Genotype-Hormone Interactions

  • Thomas E. McGill


I once heard Frank Beach tell Ethel Tobach, one of the editors of The Biopsychology of Development, that if he had had more time he could of written a shorter chapter. The chapter in question was Beach’s famous “Ramstergig” paper. There Beach noted that while the Ramstergig followed precisely certain current theories concerning the action of gonadal hormones, the rat, hamster, and guinea pig did not. In a recent paper (McGill, 1977), I carried Beach’s analysis a step further and discussed instances in which “species differences” could in fact be duplicated when genotype was varied within a particular species. My purpose at present is to enlarge upon that theme by describing specific experiments that show that different genotypes within a species differ in such items as hormonal induction of receptivity in females and retention of sexual behavior after castration in males. I shall also discuss the response of certain castrated males to the injection of different amounts of steroid hormones, although in this case within-species differences have not as yet been documented. If the chapter appears to be short, it is not because I had plenty of time to write it, but rather because there is relatively little work that has been done to date in the area of within-species genotype-hormone interactions. Thus the chapter closes with some speculations as to what future research may bring.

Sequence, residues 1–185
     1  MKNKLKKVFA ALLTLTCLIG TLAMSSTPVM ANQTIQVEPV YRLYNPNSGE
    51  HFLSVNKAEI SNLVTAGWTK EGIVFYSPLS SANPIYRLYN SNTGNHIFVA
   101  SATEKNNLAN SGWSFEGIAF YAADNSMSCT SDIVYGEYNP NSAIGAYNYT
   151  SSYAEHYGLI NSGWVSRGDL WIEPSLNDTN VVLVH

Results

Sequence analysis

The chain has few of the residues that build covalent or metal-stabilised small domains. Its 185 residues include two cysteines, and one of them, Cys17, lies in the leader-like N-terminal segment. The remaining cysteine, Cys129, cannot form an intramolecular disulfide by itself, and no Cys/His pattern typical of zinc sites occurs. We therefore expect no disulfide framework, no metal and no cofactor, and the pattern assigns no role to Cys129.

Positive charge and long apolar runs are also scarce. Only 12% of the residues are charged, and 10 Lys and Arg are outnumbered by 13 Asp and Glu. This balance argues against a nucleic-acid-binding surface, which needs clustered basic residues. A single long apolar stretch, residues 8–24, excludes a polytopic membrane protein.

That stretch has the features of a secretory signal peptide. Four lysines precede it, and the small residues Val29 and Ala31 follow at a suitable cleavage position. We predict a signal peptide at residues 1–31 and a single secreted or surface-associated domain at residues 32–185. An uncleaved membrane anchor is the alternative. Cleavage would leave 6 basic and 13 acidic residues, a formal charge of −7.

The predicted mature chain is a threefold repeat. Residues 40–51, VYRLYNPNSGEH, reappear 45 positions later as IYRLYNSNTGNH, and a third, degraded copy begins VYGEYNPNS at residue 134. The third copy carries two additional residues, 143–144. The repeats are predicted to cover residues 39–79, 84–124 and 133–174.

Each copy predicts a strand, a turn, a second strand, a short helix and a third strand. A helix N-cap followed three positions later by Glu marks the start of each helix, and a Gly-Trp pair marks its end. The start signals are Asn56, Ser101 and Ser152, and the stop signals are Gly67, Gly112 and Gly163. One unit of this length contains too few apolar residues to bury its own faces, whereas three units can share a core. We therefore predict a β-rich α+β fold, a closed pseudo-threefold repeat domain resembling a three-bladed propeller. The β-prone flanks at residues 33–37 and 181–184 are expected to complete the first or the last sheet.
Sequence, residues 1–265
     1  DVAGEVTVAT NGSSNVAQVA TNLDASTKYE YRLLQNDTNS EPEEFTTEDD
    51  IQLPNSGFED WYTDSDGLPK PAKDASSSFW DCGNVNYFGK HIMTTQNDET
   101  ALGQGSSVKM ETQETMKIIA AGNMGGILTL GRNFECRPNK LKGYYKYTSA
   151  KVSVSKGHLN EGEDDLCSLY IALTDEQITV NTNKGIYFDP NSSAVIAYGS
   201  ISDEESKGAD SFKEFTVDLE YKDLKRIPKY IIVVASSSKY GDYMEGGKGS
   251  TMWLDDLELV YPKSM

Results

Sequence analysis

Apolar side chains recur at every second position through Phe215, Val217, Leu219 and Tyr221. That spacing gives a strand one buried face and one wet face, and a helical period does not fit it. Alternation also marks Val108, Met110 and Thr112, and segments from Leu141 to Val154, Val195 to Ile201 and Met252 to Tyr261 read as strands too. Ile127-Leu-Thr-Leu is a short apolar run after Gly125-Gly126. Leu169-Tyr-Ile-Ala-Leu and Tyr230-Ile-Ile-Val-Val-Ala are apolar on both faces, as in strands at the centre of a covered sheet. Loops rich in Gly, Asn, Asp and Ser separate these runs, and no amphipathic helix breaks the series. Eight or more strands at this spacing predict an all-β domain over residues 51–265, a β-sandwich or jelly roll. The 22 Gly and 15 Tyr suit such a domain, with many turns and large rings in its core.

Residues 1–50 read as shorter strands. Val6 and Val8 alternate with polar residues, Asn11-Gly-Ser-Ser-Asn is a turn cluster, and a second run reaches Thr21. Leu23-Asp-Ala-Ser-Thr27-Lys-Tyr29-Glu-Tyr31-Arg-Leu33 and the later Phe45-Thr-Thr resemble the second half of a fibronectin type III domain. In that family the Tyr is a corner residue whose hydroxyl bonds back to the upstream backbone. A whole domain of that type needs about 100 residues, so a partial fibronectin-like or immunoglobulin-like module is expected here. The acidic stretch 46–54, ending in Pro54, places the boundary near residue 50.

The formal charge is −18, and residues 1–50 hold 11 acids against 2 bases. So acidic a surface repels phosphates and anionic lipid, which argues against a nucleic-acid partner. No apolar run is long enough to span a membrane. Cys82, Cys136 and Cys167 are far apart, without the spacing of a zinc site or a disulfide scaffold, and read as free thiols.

Inbred Strain House Mouse Sexual Response Testosterone Propionate Estradiol Benzoate 
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Copyright information

© Springer Science+Business Media New York 1978

Authors and Affiliations

  • Thomas E. McGill
    • 1
  1. 1.Department of PsychologyWilliams CollegeWilliamstownUSA

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